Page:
Picking up good vibrations

The soil of Sussex conceals the stories of how our ancestors lived their lives. Metal detecting enthusiasts spend their free time searching out and unearthing these treasures, as Jo Steele discovers

UNEARTHING treasure has acquired a rather exciting image thanks to Channel Four’s Time Team and movie adventurer Indiana Jones.

However, the reality can be rather less glamorous. Come rain or shine, metal detectorists can be found across Sussex, sweeping across fields and listening attentively to the signal from their machines.

Metal detecting enthusiasts in the county have discovered tens of thousands of items since official records began.

The Government established the Portable Antiquities Scheme (PAS), an online artefact database, in 1997 to record the wealth of archaeological findings. More than 15,000 records have been made of items found in Sussex since the scheme started in the county seven years ago. Many of the records include multiple items, like ceramic sherds or flint tools. Last year alone, approximately 2,200 records were created for 2,969 objects. The majority of the discoveries are the result of the endeavours of metal detecting enthusiasts.

The county currently has nine active metal detecting clubs, some of which have more than 50 members.

“Some people might see it as a bit of an anoraky hobby, but I do it because it’s interesting to find things that belonged to people who walked where we do,” says Peter Abbott, a member of Brighton and District Metal Detector Club. “I’m not in it for the money. I like to discover the history of an object.”

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Peter’s favourite find is the first Roman coin he discovered. He says: “It is amazing to think that the South Downs was a bit like a motorway for the Romans. Every 12 miles they built a fort.”

The club has been going nearly 40 years and meets every Sunday, weather permitting. Peter is proud of its charity work. Last year they raised just under �2,000 for local charities from rallies.

For Paul Robbins, chairman of Selsey Searchers, it was a hobby his father passed down to him. “I used to go metal detecting with my dad when I was a boy. In fact, I still use his spade.”

The Selsey Searchers have 52 members, of all ages. Paul says: “There is a real diversity of people who do it. I’m a building surveyor, but we also have a cameraman, an IT worker…all sorts of people.

“Metal detecting is a friendly hobby. It’s a bonus if you find something!”

The club tries to organise a search event every weekend. They start at 8.30am and go on all day. “We search every inch of an area because it can be so easy to miss something by a matter of inches. We might search a field one year and think there’s not much in it, but then when it is ploughed the following year it’s like a whole new area to search,” says Paul.

He likes metal detecting because: “You never know what you’ll find, it’s the unknown. And, then researching what you find on the internet, in books or at a museum. Finding out about the stories behind the things you find.”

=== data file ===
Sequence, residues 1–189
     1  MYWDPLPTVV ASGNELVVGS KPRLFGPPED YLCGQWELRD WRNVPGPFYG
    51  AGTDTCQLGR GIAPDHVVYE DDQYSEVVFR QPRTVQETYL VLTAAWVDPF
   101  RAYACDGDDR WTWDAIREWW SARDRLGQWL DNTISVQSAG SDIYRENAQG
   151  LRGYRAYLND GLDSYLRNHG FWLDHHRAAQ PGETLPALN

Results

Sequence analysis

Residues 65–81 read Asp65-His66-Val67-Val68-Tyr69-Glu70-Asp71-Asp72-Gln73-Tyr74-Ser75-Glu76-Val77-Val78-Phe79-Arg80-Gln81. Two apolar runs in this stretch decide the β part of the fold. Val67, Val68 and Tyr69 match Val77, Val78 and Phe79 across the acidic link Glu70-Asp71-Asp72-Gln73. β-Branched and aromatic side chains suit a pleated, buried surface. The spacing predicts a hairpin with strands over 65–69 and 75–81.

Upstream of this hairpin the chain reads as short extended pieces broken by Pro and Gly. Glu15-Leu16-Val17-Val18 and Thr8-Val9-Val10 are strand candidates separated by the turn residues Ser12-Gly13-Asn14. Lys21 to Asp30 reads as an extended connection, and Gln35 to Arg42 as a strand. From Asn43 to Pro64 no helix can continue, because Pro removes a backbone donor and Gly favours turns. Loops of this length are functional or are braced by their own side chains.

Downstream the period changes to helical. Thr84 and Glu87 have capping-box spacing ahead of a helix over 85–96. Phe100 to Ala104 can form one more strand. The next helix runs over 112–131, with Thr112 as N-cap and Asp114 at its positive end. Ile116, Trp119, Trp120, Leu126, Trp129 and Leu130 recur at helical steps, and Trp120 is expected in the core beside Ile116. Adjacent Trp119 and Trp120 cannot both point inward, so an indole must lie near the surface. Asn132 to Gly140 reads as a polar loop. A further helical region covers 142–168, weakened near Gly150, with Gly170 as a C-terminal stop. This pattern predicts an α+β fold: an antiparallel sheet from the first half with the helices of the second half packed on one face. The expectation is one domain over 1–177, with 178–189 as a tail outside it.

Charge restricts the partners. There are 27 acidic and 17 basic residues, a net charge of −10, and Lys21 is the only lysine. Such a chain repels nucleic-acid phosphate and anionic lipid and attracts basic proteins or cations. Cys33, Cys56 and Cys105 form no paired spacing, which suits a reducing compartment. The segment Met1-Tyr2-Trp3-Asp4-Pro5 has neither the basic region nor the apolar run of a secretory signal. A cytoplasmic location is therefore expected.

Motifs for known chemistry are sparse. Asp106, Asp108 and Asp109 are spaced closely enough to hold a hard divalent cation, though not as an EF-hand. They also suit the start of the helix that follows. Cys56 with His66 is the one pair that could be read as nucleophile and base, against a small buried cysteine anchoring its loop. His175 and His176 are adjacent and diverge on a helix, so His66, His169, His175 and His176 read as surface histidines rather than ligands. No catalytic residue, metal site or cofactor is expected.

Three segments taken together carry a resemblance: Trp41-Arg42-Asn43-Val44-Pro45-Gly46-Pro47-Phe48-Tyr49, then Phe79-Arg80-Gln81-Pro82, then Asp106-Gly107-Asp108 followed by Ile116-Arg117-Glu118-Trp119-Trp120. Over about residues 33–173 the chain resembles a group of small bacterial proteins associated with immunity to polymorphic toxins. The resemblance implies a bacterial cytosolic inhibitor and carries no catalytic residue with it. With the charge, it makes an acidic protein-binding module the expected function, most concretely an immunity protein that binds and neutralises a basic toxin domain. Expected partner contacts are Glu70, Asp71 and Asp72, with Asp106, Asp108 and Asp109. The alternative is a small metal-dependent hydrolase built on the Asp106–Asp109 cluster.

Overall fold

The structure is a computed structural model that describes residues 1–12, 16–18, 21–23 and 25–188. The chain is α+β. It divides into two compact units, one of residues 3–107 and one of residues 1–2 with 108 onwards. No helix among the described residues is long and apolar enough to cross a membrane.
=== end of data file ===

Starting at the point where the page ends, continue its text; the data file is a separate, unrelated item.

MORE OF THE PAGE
Among the favourite items he’s unearthed is a Celtic silver unit, which he describes as “an unrecorded coin, one of a kind. That has since been recorded with the Celtic Coin Index which will obviously add to our understanding of the Celts that lived on the south coast”, and an 11th Century Viking stirrup mount. Club members have found coins and artefacts ranging from the Iron Age, roman and medieval eras including hammered coins from the reigns of Edward I and Elizabeth I.

Stephanie Smith, finds liaison officer for Sussex, says: “When you think about the story behind the objects, where they were found, how they were found, and what they can tell us, it can be pretty awe-inspiring.”

Stephanie’s job includes being responsible for recording all objects that are more than 300 years old brought to her as part of the PAS. She is also responsible for taking care of treasure cases and building relationships between finders, land owners, museums, and local coroners as part of the Treasure Act.

Stephanie, who is based in Lewes, says: “Every day in my job is different and exciting.

“On a weekly basis I see all sorts of interesting artefacts, from prehistoric flint tools to Bronze Age axes to Iron Age and Roman coins and brooches to medieval dress accessories – the list goes on and on!”

She says one of the most important things about the artefacts database is that they record each object’s ‘findspot’, or grid reference. “This is so that people researching various object types and periods of activity can draw conclusions on how our landscape was used by people over time.

“With this information in hand, we can compare the information available from other types of records, like the Historic Environment Record and list of Scheduled Monuments, to create a more in-depth picture of our past.”

Rob Clements, a cleaner from Brighton, hit the headlines last year when he struck lucky just months after buying his first metal detector.

He found a unique Roman coin made by an ancient ‘Del Boy’ forger who could not spell and did not know his emperors.

The silver denarius, an average day’s pay for a Roman worker, is based on coins struck to commemorate the Battle of Actium between Octavian and the combined forces of Mark Antony and Cleopatra in 31 BC.